By Janet Macunovich / Photos by Steven Nikkila
Much can be said for standing on one’s head. Surprising discoveries await for anyone who will take the time to take a different perspective.
Take garden design for example. “Spring flowers” is a cliché that colors our lives from children’s books to classic literature. So we go into garden design with an overwhelming bias toward flowers. Designs start and sometimes end with pairs made solely for bloom — red tulips (Tulipa ‘Red Riding Hood’) that will bloom with basket of gold (Aurinia saxatilis), blue ajuga (Ajuga repens) with pink species tulips (Tulipa pulchella).
Now try that headstand. Change something, radically. Assume, for instance, that all flowers are invisible. See what happens? Notice anything new? Flowers are, in fact, invisible during the early part of the season. Once the search for flowers ends, we notice that April is full of glorious foliage. Gardens are beautiful regardless of the flowers.
We see leaves, stems, and buds that are fresh, crisp, saturated, unmarred blue, chartreuse, gold, maroon, silver, and other hues intense beyond description. The tones change by the hour and the day, like the very best sunset, so rich and glossy it might be oil on canvas not yet dried. At least once in every lifetime this spectacle grabs the eye, arrests thought, and makes us dewy-eyed about spring.
Then we become jaded. If it doesn’t have or can’t be made to look like it has a big, bright flower, preferably one that looks like a rose, we don’t even see its other qualities.
Think about a favorite garden plant. Now, name its early spring color. Can’t put your finger on it? Maybe your view has been muddied by the “floral perspective.”
What’s more, we’re often still indoors when spring foliage charm takes the stage. Anchored by our winter weight, looking solely for “the first flower,” we miss spring’s entire opening act.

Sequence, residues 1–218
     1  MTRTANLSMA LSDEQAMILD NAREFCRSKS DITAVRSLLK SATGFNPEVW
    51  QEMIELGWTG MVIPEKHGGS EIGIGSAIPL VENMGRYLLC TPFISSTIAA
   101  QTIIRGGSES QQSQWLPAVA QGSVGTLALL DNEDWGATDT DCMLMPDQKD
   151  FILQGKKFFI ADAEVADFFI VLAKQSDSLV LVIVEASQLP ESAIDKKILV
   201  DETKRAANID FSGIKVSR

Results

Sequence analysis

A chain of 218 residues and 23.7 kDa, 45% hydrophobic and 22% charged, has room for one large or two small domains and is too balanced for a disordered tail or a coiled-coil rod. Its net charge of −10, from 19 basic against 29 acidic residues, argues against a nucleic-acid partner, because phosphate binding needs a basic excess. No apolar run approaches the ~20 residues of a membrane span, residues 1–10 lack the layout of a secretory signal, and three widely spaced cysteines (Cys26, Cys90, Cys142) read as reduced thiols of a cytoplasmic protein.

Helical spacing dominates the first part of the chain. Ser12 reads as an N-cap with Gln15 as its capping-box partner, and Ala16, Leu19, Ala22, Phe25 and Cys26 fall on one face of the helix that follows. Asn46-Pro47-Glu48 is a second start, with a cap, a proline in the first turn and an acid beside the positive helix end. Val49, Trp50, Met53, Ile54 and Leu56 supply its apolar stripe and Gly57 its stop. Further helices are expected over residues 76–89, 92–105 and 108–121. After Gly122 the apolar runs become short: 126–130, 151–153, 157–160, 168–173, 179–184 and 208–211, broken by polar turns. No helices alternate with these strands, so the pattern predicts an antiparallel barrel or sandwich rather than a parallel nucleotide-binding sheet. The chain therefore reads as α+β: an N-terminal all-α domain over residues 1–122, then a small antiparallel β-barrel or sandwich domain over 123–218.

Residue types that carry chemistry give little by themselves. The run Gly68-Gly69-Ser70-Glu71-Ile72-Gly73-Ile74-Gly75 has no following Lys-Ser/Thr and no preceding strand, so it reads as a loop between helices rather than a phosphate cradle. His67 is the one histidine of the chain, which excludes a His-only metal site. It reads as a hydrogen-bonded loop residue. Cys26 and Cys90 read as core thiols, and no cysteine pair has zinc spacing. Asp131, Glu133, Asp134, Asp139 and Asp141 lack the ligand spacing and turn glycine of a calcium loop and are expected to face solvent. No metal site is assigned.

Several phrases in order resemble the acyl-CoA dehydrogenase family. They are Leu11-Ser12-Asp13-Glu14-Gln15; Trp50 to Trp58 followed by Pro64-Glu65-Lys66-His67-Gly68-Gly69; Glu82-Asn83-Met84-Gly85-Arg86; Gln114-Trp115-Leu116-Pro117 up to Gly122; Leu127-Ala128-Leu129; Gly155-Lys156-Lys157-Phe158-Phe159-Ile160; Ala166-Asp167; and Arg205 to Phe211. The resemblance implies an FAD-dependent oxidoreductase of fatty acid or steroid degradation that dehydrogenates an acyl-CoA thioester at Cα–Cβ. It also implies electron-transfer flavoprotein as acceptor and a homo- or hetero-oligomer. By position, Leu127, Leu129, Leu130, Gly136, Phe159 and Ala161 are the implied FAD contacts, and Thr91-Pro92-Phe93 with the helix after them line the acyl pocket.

It’s an act that begins long before the flower garden becomes a feature in the landscape. It’s a toe-tapper, guaranteed to overcome off-season inertia and renew one’s faith in the natural world. Make an effort to see it, design for it, and be there.
Take this different, non-floral view as you start into a new design or plan a new perennial, shrub or groundcover combination. Spark the burgundy foliage of emerging peony with the gold of lemon thyme. Reflect the peeling bud caps of quince in the brick-red edge of epimedium leaves. Have some fun and get an extra month from your garden design.
Don’t be surprised if you stop caring about the flowers and they become the surprise.
A climbing rose with foliage that opens bronze-red (‘Henry Kelsey’ is one), against the white peeling bark and lime green leaf buds of seven-son shrub (Heptacodium miconioides)
Blue hostas (like Hosta ‘Blue Cadet’) with Irish green sweet woodruff (Galium odoratum).
Glossy maroon new foliage of Bergenia cordifolia with the silver blue fiddle heads of Japanese painted fern (Athyrium niponicum ‘Pictum’).
‘Red Carpet’ Sedum, intensely scarlet at the feet of furry, grey-green large-flowered comfrey (Symphytum grandiflorum).
The deep violet foliage of shrubby Clematis recta ‘Purpurea’ leaning against the supportive stems of Ural false spirea (Sorbaria sorbifolia), simultaneously leafing out an indescribably rich, red-edged green.
Janet Macunovich is a professional gardener and author of the books “Designing Your Gardens and Landscape” and “Caring for Perennials.” Read more from Janet on her website www.gardenatoz.com.